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Ryugu’s Clues to the Early Solar System

Asteroid 162173 Ryugu, recently explored in depth by the Hayabusa2 spacecraft, is a C-type asteroid, rich in carbon. About a kilometer in diameter, it is evidently composed of highly porous material, and seems to have been formed by the agglomeration of fragments from a larger parent body that was broken apart by impacts. We learn this from a new paper in Nature that examines the object’s high porosity and the significantly low mechanical strength of its rock fragments, which affect how it would act if hitting an atmosphere.

Matthias Grott, of the German Aerospace Center (Deutsches Zentrum für Luft- und Raumfahrt; DLR) is the principal investigator for MARA, the DLR-built radiometer that flew on board Hayabusa2 and landed aboard the Mobile Asteroid Surface Scout (MASCOT). Says Grott:

“The published results are a confirmation of the results from the studies by the DLR radiometer MARA… It has now been shown that the rock analysed by MARA is typical for the entire surface of the asteroid. This also confirms that fragments of the common C-type asteroids like Ryugu probably break up easily due to low internal strength when entering Earth’s atmosphere.”

Image: An artist’s conception of the MARA radiometer at work within MASCOT on the surface of Ryugu. Credit: DLR.

Breaking up into fragments upon entering Earth’s atmosphere would help to explain why carbon-rich meteorites are relatively uncommon on Earth, as most would have burned up on the way to the ground. But the new paper goes on to make the case that fragile, porous asteroids like this may link us directly to the evolution of primordial dust into planetary bodies. Hence the importance of missions like Hayabusa2 and OSIRIS-REx, which actually visit and sample the minor objects that would have formed during the earliest era of the Solar System’s development.

The paper in Nature looks at the global properties of Ryugu, an analysis that complements and confirms the findings of the MASCOT lander. The asteroid’s surface temperature has been examined through the Thermal Infrared Imager (TIR) aboard the spacecraft by the team working with first author Tatsuaki Okada of the Japanese space agency JAXA. Measuring in the 8 to 12 micrometer wavelength range during day and night cycles, they find a surface that heats quickly when exposed to sunlight. Grott adds:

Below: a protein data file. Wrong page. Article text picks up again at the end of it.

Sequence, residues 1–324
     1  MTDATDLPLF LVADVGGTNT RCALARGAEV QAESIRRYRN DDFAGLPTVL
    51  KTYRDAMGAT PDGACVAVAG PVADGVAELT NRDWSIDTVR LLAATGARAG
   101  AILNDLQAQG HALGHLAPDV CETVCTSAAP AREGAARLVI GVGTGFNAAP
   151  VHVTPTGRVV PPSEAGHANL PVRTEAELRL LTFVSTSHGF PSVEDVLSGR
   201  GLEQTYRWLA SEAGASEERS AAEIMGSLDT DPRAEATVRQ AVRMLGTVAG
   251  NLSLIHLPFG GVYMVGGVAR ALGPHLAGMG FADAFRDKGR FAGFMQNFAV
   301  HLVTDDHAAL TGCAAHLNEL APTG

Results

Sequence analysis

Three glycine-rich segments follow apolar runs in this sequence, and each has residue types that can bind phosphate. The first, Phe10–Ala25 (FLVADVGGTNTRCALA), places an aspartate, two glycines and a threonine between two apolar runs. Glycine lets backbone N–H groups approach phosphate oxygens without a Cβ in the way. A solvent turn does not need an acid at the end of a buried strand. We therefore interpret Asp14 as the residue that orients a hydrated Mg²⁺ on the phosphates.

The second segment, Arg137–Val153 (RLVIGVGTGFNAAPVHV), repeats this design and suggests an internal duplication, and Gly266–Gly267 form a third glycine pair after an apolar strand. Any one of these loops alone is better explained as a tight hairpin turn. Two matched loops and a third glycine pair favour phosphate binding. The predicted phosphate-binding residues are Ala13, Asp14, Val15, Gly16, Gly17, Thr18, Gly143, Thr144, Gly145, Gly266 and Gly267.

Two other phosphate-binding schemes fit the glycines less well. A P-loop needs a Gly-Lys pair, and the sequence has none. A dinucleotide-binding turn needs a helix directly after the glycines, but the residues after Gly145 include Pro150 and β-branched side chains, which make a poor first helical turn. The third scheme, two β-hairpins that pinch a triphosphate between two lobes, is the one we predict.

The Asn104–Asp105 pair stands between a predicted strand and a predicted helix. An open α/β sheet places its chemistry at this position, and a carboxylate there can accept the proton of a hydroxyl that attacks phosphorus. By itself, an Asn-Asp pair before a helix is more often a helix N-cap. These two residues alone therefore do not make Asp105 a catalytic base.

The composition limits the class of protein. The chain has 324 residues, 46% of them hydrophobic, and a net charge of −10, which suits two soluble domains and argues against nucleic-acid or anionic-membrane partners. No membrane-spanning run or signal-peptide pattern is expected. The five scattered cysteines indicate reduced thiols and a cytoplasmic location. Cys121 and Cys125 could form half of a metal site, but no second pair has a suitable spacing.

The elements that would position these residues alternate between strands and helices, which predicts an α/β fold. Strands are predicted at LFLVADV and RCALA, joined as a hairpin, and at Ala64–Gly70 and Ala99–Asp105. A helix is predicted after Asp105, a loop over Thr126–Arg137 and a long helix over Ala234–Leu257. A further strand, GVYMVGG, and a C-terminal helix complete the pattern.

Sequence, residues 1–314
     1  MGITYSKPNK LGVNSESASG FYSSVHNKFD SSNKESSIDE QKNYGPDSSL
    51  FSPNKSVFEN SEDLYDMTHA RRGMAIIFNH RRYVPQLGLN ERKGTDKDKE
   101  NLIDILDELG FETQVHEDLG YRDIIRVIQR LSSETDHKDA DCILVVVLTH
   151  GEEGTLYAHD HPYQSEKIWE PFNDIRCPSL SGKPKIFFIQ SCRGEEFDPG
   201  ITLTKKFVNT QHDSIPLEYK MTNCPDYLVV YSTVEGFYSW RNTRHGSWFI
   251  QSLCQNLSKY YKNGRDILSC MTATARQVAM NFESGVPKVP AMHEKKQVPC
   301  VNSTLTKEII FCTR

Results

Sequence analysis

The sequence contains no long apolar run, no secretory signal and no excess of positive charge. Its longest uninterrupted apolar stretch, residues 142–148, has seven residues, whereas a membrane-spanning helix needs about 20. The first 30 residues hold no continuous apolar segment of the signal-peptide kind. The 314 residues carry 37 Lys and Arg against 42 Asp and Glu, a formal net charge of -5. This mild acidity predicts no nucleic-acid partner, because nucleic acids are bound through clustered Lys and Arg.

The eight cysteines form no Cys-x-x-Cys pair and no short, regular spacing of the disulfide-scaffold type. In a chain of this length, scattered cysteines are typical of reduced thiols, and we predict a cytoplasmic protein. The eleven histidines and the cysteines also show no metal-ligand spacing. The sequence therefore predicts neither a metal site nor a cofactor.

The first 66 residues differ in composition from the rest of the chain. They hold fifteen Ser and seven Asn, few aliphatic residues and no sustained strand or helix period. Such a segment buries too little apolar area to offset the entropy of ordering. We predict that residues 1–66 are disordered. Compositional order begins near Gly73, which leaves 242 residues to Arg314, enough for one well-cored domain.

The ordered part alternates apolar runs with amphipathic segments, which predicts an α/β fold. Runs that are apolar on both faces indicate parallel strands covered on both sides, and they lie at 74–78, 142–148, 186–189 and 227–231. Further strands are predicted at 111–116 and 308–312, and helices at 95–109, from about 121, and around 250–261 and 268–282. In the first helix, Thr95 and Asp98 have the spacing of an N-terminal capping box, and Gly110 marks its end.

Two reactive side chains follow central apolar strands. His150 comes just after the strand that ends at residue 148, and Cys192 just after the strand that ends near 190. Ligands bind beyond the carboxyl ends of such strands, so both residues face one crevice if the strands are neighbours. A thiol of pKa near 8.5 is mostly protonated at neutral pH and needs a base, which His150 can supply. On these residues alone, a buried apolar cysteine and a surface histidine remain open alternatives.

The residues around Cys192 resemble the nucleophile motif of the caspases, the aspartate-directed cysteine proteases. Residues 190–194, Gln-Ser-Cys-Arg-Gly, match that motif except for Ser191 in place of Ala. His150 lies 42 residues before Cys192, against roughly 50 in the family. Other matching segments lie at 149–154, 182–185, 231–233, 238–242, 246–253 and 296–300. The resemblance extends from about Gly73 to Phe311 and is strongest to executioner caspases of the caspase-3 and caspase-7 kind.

“The rapid warming after sunrise, from approximately minus 43 degrees Celsius to plus 27 degrees Celsius suggests that the constituent pieces of the asteroid have both low density and high porosity.”

Image: Formation scenario for Ryugu. Credit: Okada et al.

We should be learning a lot more when the surface samples from two landing sites, currently traveling back to Earth with the spacecraft, land in Australia at the end of this year. The paper draws not only on already acquired surface data but high resolution mapping from orbit. The authors argue that C-type asteroids are most likely formed from ‘fluffy dust’ or pebbles in the early Solar System, leading to large asteroids in the main belt with high porosity. Further thoughts re planet formation from the paper:

These C-type asteroids might share their highly porous nature with planetesimals that formed from fluffy dust in the early Solar System and could have strongly affected planetary formation processes such as cratering and collisional fragmentation by attenuating shock propagation . The possibility still cannot be ruled out that Ryugu’s low thermal inertia and low density arise from surface materials different from carbonaceous chondrites, such as the organic- rich material discovered on comet 67P/Churymov-Gerasimenko . This question will, however, be resolved upon sample return.